The flowchart of renewable-energy policy, here and worldwide, is quite simple: Legislate the use of a certain amount of renewable energies, have taxpayers pay to keep them in business, and repeat as much as needed. In the wake of Fukushima, Japan has no plans to depart from greening as usual. The WSJ reports (emphasis mine),
Japan’s parliament is set to approve a landmark bill on renewable energy that was championed by Prime Minister Naoto Kan as a way to reduce the nation’s dependence on nuclear power, and which would break the monopoly of the 10 major utilities.
Mr. Kan has predicted the legislation would spark “explosive growth” in solar and wind power. He made a commitment to raise the share of renewable energy to at least 20% of total power supply by early 2020s.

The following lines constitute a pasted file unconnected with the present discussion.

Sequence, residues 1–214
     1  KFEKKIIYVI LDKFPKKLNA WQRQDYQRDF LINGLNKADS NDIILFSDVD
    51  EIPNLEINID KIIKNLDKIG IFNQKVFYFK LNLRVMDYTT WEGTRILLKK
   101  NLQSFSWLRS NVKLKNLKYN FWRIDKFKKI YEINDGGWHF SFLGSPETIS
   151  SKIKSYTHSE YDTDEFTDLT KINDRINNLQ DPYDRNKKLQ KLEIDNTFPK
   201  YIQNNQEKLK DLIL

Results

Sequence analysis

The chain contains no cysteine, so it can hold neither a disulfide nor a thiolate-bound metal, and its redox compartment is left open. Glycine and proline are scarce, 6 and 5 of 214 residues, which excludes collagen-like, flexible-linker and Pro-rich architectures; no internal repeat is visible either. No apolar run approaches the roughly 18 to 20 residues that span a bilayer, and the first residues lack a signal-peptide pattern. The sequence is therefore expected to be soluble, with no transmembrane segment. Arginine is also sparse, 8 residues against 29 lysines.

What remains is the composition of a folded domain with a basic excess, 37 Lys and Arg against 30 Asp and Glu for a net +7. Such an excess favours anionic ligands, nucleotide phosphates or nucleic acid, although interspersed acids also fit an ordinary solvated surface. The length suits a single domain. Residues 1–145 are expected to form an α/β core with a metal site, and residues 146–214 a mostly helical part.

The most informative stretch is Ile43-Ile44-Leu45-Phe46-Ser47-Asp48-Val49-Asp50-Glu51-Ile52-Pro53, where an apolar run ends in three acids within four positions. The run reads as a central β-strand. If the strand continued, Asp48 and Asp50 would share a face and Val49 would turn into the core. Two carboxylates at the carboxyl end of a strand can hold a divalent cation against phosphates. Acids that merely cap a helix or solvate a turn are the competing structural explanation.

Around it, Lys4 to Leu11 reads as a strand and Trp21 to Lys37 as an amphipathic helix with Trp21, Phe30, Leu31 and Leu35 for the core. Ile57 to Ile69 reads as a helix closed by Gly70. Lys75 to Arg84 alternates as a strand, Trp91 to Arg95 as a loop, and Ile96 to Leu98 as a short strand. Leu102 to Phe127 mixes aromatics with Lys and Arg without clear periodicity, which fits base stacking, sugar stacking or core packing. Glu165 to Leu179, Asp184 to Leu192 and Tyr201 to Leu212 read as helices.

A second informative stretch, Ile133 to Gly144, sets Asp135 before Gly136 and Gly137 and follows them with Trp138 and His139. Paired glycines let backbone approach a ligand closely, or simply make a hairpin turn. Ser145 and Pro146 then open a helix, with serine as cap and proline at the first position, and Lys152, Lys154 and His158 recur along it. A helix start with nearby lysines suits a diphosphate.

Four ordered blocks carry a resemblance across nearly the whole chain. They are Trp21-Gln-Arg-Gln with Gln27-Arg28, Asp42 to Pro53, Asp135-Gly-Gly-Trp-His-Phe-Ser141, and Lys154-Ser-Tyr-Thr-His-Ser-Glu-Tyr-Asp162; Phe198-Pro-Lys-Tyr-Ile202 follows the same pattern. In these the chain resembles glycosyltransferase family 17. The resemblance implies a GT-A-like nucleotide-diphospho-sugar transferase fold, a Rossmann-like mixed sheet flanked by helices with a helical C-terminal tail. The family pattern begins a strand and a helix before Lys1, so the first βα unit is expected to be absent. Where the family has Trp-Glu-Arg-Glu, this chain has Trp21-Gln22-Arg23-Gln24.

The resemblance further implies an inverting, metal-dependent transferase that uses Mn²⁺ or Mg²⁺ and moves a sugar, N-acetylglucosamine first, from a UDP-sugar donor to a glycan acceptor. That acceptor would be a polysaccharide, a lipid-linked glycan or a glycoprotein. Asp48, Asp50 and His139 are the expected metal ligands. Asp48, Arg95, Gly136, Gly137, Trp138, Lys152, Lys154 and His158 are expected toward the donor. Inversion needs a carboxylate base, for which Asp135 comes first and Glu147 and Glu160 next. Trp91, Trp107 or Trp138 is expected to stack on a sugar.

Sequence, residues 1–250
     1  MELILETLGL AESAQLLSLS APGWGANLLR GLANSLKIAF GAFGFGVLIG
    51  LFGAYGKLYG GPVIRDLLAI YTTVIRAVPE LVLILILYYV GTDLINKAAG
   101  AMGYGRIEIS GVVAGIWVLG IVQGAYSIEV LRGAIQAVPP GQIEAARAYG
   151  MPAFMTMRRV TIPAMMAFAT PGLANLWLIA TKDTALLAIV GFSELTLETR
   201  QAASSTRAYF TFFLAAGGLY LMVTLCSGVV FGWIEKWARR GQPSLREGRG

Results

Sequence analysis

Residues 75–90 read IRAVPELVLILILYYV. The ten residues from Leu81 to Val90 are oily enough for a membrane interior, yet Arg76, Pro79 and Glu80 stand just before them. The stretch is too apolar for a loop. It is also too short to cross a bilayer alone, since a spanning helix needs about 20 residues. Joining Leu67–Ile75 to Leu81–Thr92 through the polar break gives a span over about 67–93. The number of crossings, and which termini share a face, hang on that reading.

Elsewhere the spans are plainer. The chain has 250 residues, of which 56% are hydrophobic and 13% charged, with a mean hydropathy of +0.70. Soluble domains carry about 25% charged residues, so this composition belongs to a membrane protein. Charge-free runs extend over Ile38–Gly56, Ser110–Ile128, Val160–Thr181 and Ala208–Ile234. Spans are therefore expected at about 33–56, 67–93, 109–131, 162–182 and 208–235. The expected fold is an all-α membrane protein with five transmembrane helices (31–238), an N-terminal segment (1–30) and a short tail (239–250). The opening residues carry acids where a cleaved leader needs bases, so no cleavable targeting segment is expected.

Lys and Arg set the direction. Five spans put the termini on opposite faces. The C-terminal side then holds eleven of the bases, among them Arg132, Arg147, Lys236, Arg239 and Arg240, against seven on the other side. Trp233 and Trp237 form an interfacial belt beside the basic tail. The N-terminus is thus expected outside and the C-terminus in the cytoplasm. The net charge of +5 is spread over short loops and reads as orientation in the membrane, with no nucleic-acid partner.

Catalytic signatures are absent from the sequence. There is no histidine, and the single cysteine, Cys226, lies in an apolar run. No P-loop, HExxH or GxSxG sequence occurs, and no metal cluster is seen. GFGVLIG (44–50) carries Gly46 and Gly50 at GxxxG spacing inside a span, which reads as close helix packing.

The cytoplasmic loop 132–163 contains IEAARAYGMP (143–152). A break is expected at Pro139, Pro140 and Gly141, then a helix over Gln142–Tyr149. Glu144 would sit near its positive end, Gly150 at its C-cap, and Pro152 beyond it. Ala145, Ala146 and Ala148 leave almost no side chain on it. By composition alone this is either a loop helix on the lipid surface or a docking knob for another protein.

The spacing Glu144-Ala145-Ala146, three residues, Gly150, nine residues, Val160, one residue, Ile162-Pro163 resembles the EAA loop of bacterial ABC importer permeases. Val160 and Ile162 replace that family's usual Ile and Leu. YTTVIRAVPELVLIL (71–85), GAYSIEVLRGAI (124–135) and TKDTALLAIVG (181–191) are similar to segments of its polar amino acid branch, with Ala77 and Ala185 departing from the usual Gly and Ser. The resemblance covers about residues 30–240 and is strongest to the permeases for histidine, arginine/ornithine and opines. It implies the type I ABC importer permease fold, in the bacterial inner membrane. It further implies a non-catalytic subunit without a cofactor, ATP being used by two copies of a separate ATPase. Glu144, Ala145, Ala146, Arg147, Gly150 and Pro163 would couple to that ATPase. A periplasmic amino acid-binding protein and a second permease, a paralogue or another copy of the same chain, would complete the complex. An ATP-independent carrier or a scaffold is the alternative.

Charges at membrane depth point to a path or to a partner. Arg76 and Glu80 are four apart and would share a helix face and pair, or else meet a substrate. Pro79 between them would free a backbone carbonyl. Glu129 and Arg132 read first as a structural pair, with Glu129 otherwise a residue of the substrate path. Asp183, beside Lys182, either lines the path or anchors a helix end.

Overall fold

The main feature of the bill is a requirement that utilities purchase power from outside providers, such as private companies or cooperatives, under certain circumstances. This rule is seen as opening the door for much greater use of alternative energy sources, an area where Japan lags, accounting for just 9% of total supply.
The legislation, known as a feed-in-tariff law, puts the industry minister in charge of setting the prices at which utilities are obliged to purchase electricity from renewable-power generators.
Big manufacturers, already hurt by power shortages and the effects of the high yen on exports, are expected to face higher electricity bills as a result.
But even with the new legislation, Hisashi Hoshi, an analyst at the Institute of Energy Economics, Japan, said “achieving the [20%] target will not be easy without offering generous incentives.”